By IIana Kowarski
If your dream is to become an investment banker at a multinational bank like JPMorgan Chase & Co., then an MBA degree from a top business school may help you achieve that goal, according to experts who have been on this career path or have placed MBA students in investment banking positions.
It is possible for a student from any MBA program to become a successful investment banker, says Karin Ash, a former university career services official who spent seven years helping MBA students find investment banking jobs.
However, the most prestigious investment banking firms tend to choose the bulk of their MBA hires from highly ranked business schools, says Ash, who is now an admissions consultant with Accepted, an admissions consulting firm. “So, while any student from any school could ‘make it,’ it is easier to be noticed if you attend a highly ranked school,” she wrote in an email.
Can You Get an Investment Banking Job Without an MBA?
Current and former investment bankers acknowledge that it is possible to get a job at an investment bank without an MBA degree, and they note that investment banks often recruit analysts from prestigious undergraduate institutions. However, they warn that individuals who did not go directly from college to the investment banking industry may struggle to gain a foothold if they do not obtain an MBA.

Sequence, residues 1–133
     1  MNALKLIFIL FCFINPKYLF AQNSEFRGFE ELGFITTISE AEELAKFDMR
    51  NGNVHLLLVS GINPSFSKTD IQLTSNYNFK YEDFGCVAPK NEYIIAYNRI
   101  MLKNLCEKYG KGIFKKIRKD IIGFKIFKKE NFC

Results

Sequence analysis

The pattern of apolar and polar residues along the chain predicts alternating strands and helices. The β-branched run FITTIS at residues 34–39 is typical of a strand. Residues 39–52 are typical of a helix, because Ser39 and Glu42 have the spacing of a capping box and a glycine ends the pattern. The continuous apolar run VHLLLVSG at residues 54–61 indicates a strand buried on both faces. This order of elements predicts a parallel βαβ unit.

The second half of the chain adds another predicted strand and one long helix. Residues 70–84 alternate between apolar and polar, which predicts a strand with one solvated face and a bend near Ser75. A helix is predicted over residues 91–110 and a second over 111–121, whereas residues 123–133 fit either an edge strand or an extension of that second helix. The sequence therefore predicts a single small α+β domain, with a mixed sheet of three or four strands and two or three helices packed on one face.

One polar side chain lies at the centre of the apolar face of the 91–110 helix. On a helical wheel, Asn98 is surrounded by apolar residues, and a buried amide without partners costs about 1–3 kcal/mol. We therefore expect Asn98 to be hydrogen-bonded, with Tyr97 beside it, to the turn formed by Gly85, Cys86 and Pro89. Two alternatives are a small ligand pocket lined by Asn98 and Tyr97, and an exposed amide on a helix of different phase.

Somebody with a business-related undergraduate degree from a college with a strong business program may not need an MBA to enter the investment banking industry, says James Cassel, chairman and co-founder of the Cassel Salpeter & Co. investment banking firm in Miami. However, for someone without an undergraduate business degree, an MBA can significantly improve the odds of getting investment banking job offers, he says.
Cassel, a former securities lawyer who transitioned from a legal career into the investment banking sector, notes that he took a non-traditional path into the industry. He says it’s more typical to enter the sector immediately after either college or business school.
The best way for college graduates who are working outside the investment banking sector to pivot into the industry is to pursue an MBA degree, says Delano Saporu, a former investment banker who is now a financial advisor and the founder of New Street Advisors Group financial advising firm in New York City.
Saporu, who earned an MBA from the University of Chicago Booth School of Business, says attending a top B-school offers abundant opportunities to network with investment bankers and meet investment banking recruiters. He adds that getting to know the “gatekeepers” of the investment banking profession makes it easier to enter the highly competitive and selective industry.
Saporu’s choice to pursue an MBA was driven by his interest in investment banking. “I just wanted more of a challenge,” he says.
What Investment Bankers Do and How Much They Earn
Unlike banks that focus on serving the general public, investment banks tend to cater to corporations and other large institutions. They help businesses, governments and other organizations raise capital through sale of stocks or bonds. They also assist with mergers and acquisitions, and they may provide money advice.